# 1. Binary, bit and byte

• Numbers based on 2 are called binary number s
```1		  1		 	0		  1
1 * 2^3 + 1 * 2^2 + 0 * 2^1 + 1 * 2^0 = 13
```

## 1.1 binary integer

• C language uses byte s to represent the required size of the character set of the storage system

• 1 byte = 8 bits
• Interpret bit pattern s in different ways for 1 byte (8 bits)

• unsigned char: 0000 0000 ~ 1111 1111 = 0 ~ 255

• signed char : 1000 0000 ~ 0111 1111 = -128 ~ 127

## 1.2 signed integer

• Sign magnitude representation: 1 bit * * high order bit) * * stores symbols, and the remaining 7 bits represent the number itself

• 1111 1111 ~ 0111 1111 = -127 ~ 127
• There are two zeros:
• 0000 0000 = +0
• 1000 0000 = -0
• two's-complement method: take the inverse and add 1

• 1111 1111 ~ 0111 1111 = -128 ~ 127
• Inverse binary (one's) method

• 1000 0000 ~ 0111 1111 = -127 ~ 127
• There are two zeros:
• 0000 0000 = +0
• 1111 1111 = -0

## 1.3 binary floating point number

• Floating point numbers are stored in two parts
• Binary decimal
• Binary index

### 1.3.1 binary decimal

• Take the power of 2 as the denominator
```1	  0		1
1/2 + 0/4 + 1/8 = 0.625
```
• Many fractions cannot be accurately represented by binary decimals
• It can only accurately represent the sum of multiple 1 / 2 powers

### 1.3.2 floating point representation

• Several bits store binary fractions, while others store exponents

• Octal and hexadecimal numeration systems are usually used

## 2.1 octal

• Octal refers to the octal numeration system
• Numbers based on 8
```4		  5			1
4 * 8^2 + 5 * 8^1 + 1 * 8^0 = 297
```
• Each octal bit corresponds to three binary bits

• Binary equivalent to octal

Octal digitEquivalent binary bit
0000
1001
2010
3011
4100
5101
6110
7111

## 2.2 hex

• Hexadecimal (hex decimal or hex) refers to the hexadecimal numeration system
• Numbers are represented on the basis of 16
```A			3			F
10 * 16^2 + 3 * 16^1 + 15 * 16^0 = 2623
```
• Each hexadecimal bit corresponds to 4 binary bits

• Decimal, hexadecimal, and binary equivalents

000000
110001
220010
330011
440100
550101
660110
770111
881000
991001
10A1010
11B1011
12C1100
13D1101
14E1110
15F1111

# 3. C bitwise operator

## 3.1 bitwise logical operators

• bitwise operation: the operation is carried out for each bit and does not affect the bits on the left and right sides

### 3.1.1 binary inversion or bit inversion:~

• Change 1 to 0, change 0 to 1
• The operator does not change the original value
```char c = 0b10011010;
~c;
printf("%d\n%d\n", c, ~c);
// ~(1001 1010) = -102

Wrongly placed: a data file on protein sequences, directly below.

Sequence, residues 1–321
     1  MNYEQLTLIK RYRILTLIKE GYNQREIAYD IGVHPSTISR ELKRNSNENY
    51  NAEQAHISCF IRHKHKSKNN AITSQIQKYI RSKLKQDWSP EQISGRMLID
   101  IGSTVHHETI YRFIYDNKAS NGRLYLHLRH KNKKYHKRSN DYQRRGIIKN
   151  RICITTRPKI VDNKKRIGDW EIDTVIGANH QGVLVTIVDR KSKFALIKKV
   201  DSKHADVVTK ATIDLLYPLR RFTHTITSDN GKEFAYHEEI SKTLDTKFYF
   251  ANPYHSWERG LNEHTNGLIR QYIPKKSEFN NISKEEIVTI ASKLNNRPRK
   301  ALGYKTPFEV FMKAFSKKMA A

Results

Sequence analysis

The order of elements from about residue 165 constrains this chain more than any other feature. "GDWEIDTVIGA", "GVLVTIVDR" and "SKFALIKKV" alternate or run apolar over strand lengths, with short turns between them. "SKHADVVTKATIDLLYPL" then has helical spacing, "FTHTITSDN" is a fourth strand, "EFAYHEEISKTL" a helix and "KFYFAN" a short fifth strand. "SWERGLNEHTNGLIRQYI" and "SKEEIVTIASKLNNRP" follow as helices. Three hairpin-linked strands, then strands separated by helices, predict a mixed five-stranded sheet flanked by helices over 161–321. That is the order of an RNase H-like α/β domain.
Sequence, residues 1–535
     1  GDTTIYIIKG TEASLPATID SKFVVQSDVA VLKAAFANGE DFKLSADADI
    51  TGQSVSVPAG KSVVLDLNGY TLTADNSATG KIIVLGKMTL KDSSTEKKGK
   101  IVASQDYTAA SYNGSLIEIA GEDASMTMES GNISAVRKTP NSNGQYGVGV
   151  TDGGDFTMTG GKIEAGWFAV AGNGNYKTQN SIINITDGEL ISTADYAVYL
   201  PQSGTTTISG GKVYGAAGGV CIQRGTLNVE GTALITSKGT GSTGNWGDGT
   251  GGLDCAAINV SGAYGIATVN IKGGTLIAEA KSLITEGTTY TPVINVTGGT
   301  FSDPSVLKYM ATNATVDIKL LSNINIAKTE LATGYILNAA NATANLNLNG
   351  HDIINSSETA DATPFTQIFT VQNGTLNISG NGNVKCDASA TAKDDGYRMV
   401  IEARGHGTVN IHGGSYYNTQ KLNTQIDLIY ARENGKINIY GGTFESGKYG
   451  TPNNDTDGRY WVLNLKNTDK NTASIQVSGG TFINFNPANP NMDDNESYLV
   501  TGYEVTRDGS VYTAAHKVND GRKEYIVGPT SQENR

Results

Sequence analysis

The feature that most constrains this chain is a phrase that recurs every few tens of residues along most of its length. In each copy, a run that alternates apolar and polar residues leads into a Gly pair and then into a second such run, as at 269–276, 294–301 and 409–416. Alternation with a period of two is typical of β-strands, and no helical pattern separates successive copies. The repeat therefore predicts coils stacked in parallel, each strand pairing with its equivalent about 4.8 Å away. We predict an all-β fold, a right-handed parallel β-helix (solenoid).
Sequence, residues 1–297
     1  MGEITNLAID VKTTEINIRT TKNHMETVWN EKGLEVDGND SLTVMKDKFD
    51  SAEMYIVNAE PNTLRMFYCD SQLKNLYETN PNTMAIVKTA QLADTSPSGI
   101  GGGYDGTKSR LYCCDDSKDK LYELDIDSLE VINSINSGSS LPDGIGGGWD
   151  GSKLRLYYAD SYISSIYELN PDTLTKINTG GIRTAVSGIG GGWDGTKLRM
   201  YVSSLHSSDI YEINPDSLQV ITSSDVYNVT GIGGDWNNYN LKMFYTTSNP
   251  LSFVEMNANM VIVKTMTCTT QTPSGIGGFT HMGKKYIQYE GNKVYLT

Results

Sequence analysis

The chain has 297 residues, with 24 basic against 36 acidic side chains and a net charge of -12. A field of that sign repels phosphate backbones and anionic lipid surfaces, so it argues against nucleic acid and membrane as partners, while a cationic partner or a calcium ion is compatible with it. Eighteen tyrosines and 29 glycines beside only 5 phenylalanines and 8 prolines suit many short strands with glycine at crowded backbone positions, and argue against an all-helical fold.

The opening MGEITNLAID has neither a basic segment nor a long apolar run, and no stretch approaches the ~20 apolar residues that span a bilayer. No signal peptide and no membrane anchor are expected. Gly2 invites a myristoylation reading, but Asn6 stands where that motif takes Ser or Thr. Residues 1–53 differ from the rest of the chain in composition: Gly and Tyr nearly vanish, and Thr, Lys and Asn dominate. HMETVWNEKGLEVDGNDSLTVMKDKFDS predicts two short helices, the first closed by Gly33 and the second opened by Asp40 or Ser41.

//   0110 0101  = 101
```

### 3.1.2 bitwise AND:&

• The same is 1
```char c1 = 0b10010011;
char c2 = 0b00111101;
printf("%d\n", c1 & c2);
// 1001 0011
// 0011 1101
// &
// 0001 0001
```

### 3.1.3 by bit or:|

• If there is 1, it is 1
```char c1 = 0b10010011;
char c2 = 0b00111101;
printf("%d\n", c1 | c2);
// 1001 0011
// 0011 1101
// |
// 1011 1111
```

### 3.1.4 bitwise XOR:^

• The difference is 1
```char c1 = 0b10010011;
char c2 = 0b00111101;
printf("%d\n", c1 ^ c2);
// 1001 0011
// 0011 1101
// ^
// 1010 1110
```

## 3.7 shift operator

### 3.7.1 move left:<<

• Moves the object to the left of the operator to the left and the number of bits specified by the object to the right
• The operator does not change the original value
```char c = 0b10001010;
c << 2;
printf("%d\n%d\n", c, c << 2);
// 00 1000 1010
// 10 0010 1000
//    High level truncation
//    0010 1000
```

### 3.7.2 shift right: > >

• Moves the object to the left of the operator to the right, and the number of bits specified by the object to the right
• The operator does not change the original value
```char c = 0b10001010;
c >> 2;
printf("%d\n%d\n", c, c >> 2);
// 1000 1010
// 1110 0010 10
// Low truncation
// 1110 0010
```

### 3.7.3 usage: shift operator

• Provides fast multiplication and division for powers of 2
• Number < < n: number is multiplied by 2 to the nth power
• Number > > n: if number is nonnegative, divide number by the nth power of 2

# 4. Bit field

• A bit field is a set of adjacent bits in a signed int or unsigned int type variable
• Build through a structure declaration
```struct {
int a : 1;
int b : 2;
int c : 3;
} abc;
// abc is a field containing three 1 bits

abc.a = 0;
abc.c = 1;
// Since the number of digits in the field is 1, it can only be assigned 0 or 1
```
• If the total number of bits declared exceeds the number of bits of int (unsigned int is the same), the storage location of the next int will be used

• When this happens, an unnamed "hole" is left in the first int
• Unnamed "holes" can be "filled" with unnamed field widths
• Use an unnamed field with a width of 0 to store the next field in the next int
```struct {
int a : 1;
int   : 2;
int b : 2;
int   : 0;
int c : 3;
} abc;
// There is a 2-digit gap between a and b
// c will be stored in the next int z
```

Keywords: C

Added by amy_ewe on Sun, 13 Feb 2022 18:08:01 +0200